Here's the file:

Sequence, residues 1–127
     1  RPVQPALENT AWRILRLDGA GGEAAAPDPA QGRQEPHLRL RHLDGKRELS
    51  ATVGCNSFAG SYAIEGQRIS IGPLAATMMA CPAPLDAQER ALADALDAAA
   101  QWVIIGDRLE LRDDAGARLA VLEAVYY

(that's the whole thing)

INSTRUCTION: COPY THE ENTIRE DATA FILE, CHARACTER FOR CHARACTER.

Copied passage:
Sequence, residues 1–127
     1  RPVQPALENT AWRILRLDGA GGEAAAPDPA QGRQEPHLRL RHLDGKRELS
    51  ATVGCNSFAG SYAIEGQRIS IGPLAATMMA CPAPLDAQER ALADALDAAA
   101  QWVIIGDRLE LRDDAGARLA VLEAVYY